Friday, July 12, 2019
Imagine a world in which KU big man Udoka Azubuike left for North Carolina, Devon Dotson jumped ship to Texas and Michigan State point guard Cassius Winston wound up at Villanova for his senior season.
Now imagine that Duke point guard Tre Jones left for Kentucky, Kentucky point guard Ashtan Hagans bolted to Memphis, Baylor big man Tristan Clark landed at Duke and LSU guard Javonte Smart headed for Gonzaga.
What you’ve just read is a small, fictional glimpse at college basketball’s version of what the NBA recently went through during what can only be described as the wildest offseason in league history.
Seventeen of the 24 players who appeared in the NBA All-Star Game as recently as 2017 now have new teams, with many leaving their old clubs via free agency and a handful being traded or forcing their way out.
And while scholarship commitments and transfer rules keep that type of craziness from infiltrating college basketball, the NCAA transfer trend has started to boil over in recent years and has been called by some the college version of free agency.
According to a study conducted by the NCAA, more than 700 transfers made the move to another Division I basketball program before the 2018-19 season. That number has been on a steady climb during each of the past five or six seasons.
Of all the sports offered at four-year, Division I universities, men’s basketball, at 13%, had the fourth-highest transfer rate during the 2016-17 school year, behind women’s beach volleyball, men’s soccer and men’s tennis.
In fact, according to recent NCAA research of its major revenue sports from 2004-17, men’s basketball consistently had the highest transfer activity, with moves in football (FBS and FCS) and baseball either staying steady or dropping, while women’s basketball also increased during that time.
Forget the shoes, the moves, the gear or the music, college basketball players, perhaps subconsciously, appear to be imitating their professional role models with more regularity than ever in leaving one opportunity for the next.
The NCAA today even has in a starring role the famed transfer portal, an online data base designed to make the process cleaner, clearer and easier for all.
Although some argue that college athletes should be given complete freedom to transfer and retain eligibility from school to school, year to year, no one should want to see a system that allows that.
Not all, of course, but so many of these transfer-type decisions are rooted in emotion, often made in the heat of the moment after a rough stretch of limited playing time or a bad week at practice.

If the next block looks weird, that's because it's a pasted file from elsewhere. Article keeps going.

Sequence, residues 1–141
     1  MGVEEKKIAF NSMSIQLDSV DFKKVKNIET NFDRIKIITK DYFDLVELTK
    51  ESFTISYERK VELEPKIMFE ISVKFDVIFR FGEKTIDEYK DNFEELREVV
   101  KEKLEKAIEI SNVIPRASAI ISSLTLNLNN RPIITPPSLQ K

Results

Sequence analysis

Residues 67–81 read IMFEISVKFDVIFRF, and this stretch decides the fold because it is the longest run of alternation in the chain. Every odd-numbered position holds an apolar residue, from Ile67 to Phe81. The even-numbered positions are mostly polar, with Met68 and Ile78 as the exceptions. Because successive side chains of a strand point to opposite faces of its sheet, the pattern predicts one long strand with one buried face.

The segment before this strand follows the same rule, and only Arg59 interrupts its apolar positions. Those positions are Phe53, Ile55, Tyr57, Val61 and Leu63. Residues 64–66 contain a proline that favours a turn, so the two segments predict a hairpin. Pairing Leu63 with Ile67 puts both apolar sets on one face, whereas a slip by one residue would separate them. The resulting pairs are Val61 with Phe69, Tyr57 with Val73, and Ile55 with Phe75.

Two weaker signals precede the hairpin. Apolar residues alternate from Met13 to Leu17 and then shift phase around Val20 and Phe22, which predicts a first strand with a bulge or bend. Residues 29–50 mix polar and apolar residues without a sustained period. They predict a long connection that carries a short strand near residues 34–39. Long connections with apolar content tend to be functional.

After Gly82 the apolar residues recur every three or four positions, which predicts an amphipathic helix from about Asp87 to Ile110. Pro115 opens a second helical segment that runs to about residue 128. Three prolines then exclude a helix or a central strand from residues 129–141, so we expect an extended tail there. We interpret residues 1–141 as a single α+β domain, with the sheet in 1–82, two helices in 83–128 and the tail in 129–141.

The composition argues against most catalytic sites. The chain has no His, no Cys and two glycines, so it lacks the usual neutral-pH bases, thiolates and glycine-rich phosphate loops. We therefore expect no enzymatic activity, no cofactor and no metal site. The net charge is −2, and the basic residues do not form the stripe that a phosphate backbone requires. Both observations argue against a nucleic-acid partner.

Too much time goes into the student-athletes’ recruitments, with official and unofficial visits, pros and cons lists, long talks with family members, high school coaches and friends and sometimes as many as three, four or five cuts to one’s list of finalists.
It’s hard to justify one bad week, or even a bad month, overriding decisions that were made from that type of attention to detail.
And that’s why the college game should never allow players to move from team to team as freely as the professional ranks do.
There was a time, not long ago, when the George Bretts, John Elways and Derek Jeters of the world played for and stayed with one team throughout their pro careers. And it was glorious. No Instagram videos of jerseys being burned by bitter fans. No leaving a contender and joining a crappy club just because the price was right. And, most importantly, no need for fans to guard their hearts when picking their favorite players to root for or for their kids to look up to.
That era no longer exists in the pro ranks, but it can and should still be a thing at the college level.
College basketball’s one-and-done rule has thrown a wrench into those plans, with players like Joel Embiid, Andrew Wiggins, Kelly Oubre, Josh Jackson and others barely getting to say hello to the adoring Kansas fan base before moving on.
But with the NBA expected to get rid of the one-and-done rule in the near future, therein allowing players to skip college altogether, the future of college basketball programs, even at powerhouse programs like Kansas, Duke and Kentucky, once again will be built on multi-year players.
As intrigued as I am about the upcoming NBA season — which should be absolutely nuts, by the way — I’ll take that type of continuity over watching a player under contract for four years and $200 million move from team to team with such ease.